Refinement with Pass Labs' The Beast, Cube Audio, Lampizator, TW Acustic, Schröder, Schick, EMT, Koetsu, and more

I am not making this up. During a particularly burned-out moment in the afternoon, I thought about what might deliver the breath of fresh air I needed to restore my energy and refresh my spirits. Instead of opting for green tea or a walk around the hotel, I realized that some time with Pass Labs amplification might transport back to the pastel paradise I inhabited during my time with the Pass XA200.8 class-A monoblocks.

What I didn't expect, however, was an immersion in what some might equate with the Holy Grail or the healing waters of Lourdes. For what seems like decades, I've heard about Nelson Pass's The Beast with a Thousand JFETs, the legendary 20Wpc amplifier that he developed using 1000 low-distortion JFETs per channel. Finally, there it was before me, one perhaps three in existence and singing like a rare songbird in Refined Audio's room on the fifth floor of the Schaumburg Renaissance Hotel.

Not that I knew what it would look like. "What's that strange green thing?" I asked as I peered at something that, for all I knew, bore a distant relationship to an exotic room infuser. When I found out, I didn't rip off my clothes, kiss the carpet, or prostrate myself before it. Rather, I sat down and enjoyed some of the same marvelous warmth and smooth velvet/silken finish that I valued during my time with the XA-200.8s.

Playing the LP version of Telarc's fabled recording of Stravinsky's The Firebird, I marveled at how musical, flowing, and warm the system sounded. A switch to a very different familiar, Satchmo's 1928 recording of "St. James Infirmary," had me wide-eyed with the fabulousness of it all. If I hadn't had a huge list of rooms to visit, I might have stayed until, finally, they asked me to cede the sweet spot to another pilgrim.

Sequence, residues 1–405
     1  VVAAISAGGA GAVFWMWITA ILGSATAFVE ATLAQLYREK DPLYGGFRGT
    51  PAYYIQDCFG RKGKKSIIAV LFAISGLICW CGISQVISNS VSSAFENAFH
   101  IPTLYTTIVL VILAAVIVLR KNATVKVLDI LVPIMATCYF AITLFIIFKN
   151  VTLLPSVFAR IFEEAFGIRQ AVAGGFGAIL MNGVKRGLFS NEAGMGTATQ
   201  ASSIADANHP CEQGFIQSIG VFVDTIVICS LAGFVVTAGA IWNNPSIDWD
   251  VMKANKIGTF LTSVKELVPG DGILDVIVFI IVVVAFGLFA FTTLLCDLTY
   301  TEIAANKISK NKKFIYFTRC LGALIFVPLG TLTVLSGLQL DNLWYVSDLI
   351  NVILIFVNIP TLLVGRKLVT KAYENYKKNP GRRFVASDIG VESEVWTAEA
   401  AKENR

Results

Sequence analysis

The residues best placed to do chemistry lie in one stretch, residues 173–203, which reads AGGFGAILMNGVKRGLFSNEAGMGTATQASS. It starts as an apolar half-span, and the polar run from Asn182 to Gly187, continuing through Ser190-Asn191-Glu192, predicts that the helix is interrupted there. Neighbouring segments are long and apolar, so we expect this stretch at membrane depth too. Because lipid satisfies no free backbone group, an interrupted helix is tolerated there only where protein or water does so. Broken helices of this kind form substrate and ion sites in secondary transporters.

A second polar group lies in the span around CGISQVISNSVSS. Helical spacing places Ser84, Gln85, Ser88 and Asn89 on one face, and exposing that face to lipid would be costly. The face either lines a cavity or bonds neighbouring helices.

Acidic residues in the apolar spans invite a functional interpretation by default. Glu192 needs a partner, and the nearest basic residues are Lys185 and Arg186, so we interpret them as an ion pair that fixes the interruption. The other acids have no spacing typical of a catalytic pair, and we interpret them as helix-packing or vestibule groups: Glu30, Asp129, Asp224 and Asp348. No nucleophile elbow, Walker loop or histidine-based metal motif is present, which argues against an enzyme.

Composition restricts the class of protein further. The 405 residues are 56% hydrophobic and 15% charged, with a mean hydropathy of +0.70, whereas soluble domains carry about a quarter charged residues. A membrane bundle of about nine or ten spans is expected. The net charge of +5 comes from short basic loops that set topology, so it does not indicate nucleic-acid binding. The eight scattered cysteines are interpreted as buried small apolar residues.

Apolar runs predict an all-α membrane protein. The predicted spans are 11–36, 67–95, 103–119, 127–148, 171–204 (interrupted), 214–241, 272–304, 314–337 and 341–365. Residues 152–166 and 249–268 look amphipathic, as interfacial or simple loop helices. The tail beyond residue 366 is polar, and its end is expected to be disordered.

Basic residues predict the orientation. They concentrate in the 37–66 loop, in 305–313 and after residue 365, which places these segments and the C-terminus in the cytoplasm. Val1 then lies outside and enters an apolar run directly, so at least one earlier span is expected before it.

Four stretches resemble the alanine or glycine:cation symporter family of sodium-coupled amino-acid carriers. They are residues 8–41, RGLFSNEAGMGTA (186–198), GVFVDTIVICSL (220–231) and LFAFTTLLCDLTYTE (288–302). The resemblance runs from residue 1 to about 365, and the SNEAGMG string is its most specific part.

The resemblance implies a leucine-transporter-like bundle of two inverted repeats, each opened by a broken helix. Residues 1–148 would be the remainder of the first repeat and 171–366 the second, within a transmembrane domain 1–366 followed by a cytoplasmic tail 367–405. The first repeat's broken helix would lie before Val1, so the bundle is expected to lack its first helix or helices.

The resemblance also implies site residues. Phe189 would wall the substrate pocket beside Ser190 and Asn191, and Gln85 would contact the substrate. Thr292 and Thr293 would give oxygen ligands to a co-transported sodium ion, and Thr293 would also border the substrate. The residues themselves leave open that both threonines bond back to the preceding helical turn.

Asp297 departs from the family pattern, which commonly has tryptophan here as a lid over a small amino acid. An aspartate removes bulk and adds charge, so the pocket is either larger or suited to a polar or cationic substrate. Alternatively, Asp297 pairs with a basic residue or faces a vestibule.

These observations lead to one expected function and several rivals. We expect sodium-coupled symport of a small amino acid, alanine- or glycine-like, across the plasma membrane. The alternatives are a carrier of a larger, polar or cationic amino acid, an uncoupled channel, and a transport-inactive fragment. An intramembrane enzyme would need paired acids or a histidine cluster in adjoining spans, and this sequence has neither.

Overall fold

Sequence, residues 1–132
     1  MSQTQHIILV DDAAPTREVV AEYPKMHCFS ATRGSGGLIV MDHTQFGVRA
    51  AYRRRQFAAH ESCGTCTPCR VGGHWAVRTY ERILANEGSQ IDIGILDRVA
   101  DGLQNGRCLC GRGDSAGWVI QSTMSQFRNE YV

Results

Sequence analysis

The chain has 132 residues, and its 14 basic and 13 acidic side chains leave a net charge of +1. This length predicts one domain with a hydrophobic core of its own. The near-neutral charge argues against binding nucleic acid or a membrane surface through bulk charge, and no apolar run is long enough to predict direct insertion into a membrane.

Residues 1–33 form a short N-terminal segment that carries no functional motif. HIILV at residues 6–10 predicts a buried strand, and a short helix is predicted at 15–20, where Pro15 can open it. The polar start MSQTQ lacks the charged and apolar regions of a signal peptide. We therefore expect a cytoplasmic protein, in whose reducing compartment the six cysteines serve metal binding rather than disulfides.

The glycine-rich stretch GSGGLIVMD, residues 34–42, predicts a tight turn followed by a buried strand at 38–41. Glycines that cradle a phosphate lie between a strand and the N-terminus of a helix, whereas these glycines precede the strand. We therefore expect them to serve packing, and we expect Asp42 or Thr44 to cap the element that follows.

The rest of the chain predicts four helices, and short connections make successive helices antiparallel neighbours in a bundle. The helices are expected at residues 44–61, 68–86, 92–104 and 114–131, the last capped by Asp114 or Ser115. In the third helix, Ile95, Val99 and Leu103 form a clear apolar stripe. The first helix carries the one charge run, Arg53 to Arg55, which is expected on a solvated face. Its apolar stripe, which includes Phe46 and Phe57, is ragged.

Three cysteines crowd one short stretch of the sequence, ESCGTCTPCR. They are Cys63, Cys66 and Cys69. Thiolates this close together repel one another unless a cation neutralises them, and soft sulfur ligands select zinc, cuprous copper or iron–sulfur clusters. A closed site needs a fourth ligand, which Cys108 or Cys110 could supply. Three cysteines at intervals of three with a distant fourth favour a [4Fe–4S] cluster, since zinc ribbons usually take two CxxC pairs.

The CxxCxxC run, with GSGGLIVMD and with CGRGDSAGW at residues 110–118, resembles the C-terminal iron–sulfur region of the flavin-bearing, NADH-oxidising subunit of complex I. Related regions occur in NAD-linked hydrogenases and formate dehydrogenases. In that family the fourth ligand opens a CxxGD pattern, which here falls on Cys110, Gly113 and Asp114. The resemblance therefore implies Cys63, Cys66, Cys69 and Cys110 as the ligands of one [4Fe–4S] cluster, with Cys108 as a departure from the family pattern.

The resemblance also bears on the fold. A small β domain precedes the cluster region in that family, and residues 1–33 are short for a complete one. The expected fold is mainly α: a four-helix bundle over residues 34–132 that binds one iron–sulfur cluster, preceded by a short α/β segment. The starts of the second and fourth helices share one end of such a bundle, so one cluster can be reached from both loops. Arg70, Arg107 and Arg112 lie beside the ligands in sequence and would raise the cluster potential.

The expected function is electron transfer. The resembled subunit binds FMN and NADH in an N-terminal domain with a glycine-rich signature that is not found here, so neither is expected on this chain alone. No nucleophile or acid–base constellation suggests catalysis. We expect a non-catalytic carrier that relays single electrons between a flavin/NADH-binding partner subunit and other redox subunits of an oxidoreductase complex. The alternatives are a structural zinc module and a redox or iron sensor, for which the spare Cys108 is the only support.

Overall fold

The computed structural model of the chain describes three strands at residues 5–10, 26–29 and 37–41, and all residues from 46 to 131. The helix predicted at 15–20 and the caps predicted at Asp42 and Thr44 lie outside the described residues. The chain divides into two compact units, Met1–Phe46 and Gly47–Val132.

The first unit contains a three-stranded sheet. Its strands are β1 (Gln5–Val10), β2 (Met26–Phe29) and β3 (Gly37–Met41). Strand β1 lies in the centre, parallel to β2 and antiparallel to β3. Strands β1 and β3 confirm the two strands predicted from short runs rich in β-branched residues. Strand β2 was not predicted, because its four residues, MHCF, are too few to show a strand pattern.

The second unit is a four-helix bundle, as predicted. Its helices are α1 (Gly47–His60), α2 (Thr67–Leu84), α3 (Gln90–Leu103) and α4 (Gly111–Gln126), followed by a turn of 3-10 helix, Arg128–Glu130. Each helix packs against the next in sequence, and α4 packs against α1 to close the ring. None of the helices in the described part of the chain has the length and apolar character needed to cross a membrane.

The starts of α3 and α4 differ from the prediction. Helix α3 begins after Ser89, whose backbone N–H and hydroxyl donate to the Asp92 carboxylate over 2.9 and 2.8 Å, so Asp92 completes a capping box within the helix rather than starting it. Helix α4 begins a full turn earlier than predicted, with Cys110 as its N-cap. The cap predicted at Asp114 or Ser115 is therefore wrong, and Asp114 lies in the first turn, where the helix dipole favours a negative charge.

Pass Labs is determined not to release any new products until they are assured a steady stream of parts. Not that I would ever kick the Pass XP-27 phono preamp ($12,075) and XP-32 line stage ($18,275) out of bed.

I was also quite taken with the Cube Audio Nenuphar BASiS loudspeaker ($26,900/pair). The company claims that version 2 of Cube's driver "has no significant resonance effects in the presence region." The speaker system includes a 12" powered subwoofer that covers 60–250Hz.

Also heard in this room: Lampizator Pacific DAC ($24,000), TW Acustic Raven turntable ($12,000) with Schröder SQ reference tonearm ($8500) and Schick 12" tonearm), EMT Lime ($5500) and Koetsu Rosewood Signature ($4995) phono cartridges, Silversmith cabling, Jena Labs Sapling II power filter ($8000), and Sonore Rendu SE USB retimer ($4800).